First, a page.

The Chartered Financial Analyst (CFA) designation—a grueling, three-year financial program that hundreds of thousands of people pursue each year—covers many of the subjects included in a “typical” first-year MBA curriculum. A CFA aspirant must study basic economics, accounting, finance, and quantitative analysis—areas that echo aspects of many first-year MBA core curricula. So would working toward a CFA designation actually negatively affect an MBA applicant’s candidacy by suggesting that he/she already has the tools and MBA education would provide and that additional studies would therefore be superfluous? Definitely not!
Pursuing a CFA designation is not at all a negative, and in fact reflects positively on the applicant in that the effort emphasizes his/her abilities to manage a rigorous MBA curriculum and establishes the candidate as a self-starter and a disciplined individual (given that CFA study is intense and requires several months of sustained study for each level). Furthermore, from an admissions perspective, admissions officers want to know that they are admitting individuals who are employable; the CFA charter holder has an advantage in the post-MBA recruiting world, because employers can point to the designation as a differentiator among otherwise indistinguishable applicants.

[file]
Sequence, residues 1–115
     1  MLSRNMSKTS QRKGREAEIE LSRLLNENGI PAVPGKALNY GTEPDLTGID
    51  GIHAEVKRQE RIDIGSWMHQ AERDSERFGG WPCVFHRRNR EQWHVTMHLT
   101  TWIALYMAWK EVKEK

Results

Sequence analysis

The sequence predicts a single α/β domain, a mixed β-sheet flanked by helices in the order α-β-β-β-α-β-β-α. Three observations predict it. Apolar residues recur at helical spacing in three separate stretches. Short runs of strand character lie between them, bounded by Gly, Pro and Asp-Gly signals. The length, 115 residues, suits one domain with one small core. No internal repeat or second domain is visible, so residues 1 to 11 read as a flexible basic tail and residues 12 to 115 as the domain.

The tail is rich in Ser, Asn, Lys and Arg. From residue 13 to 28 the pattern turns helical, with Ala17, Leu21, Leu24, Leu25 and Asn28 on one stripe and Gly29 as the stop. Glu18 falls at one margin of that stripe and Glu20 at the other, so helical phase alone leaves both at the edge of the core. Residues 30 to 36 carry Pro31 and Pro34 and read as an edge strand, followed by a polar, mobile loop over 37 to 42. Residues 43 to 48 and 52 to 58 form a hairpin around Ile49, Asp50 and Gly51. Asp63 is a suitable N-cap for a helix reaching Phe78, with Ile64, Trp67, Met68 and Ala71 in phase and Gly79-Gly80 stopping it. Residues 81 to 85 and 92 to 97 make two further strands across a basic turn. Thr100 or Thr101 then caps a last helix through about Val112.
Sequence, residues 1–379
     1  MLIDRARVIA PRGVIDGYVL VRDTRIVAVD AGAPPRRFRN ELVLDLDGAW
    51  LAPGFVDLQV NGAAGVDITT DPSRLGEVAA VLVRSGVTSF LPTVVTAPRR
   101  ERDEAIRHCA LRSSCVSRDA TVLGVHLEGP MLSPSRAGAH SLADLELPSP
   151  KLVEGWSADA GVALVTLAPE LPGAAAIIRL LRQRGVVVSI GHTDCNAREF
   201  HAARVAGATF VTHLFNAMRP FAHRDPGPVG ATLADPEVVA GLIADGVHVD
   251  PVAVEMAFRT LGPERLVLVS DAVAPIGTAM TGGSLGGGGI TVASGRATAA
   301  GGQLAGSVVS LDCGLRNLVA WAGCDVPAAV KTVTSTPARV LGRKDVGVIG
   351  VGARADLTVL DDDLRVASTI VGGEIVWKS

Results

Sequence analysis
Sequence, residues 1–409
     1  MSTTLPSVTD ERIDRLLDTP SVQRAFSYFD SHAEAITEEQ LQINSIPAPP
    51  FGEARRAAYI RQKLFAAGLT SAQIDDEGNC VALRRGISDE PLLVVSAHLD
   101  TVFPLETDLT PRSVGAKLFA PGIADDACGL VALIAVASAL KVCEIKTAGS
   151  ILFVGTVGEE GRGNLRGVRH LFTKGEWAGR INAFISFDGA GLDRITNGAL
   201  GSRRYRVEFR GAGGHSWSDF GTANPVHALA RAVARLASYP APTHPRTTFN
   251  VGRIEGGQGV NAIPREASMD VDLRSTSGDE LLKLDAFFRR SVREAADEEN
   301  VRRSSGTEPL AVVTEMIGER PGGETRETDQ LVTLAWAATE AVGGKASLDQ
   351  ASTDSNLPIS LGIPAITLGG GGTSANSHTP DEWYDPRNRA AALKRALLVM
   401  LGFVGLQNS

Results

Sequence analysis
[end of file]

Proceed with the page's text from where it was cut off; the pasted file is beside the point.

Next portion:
The CFA can also be a useful marketing tool for candidates to help them during the admissions process. Because the CFA narrowly focuses on financial tools, it does not cover a myriad of other subjects the MBA does address and that are useful to financial professionals, including marketing, operations, international business, human resource management, and entrepreneurship. The CFA is an independent and largely quantitative program and thus cannot provide the elements that the MBA offers through discussion, debate, and measuring qualitative information in decision making.
Together, the CFA designation and the MBA degree are a powerful one-two punch that can be advantageous in both gaining admission to business school and to landing that coveted post-MBA position.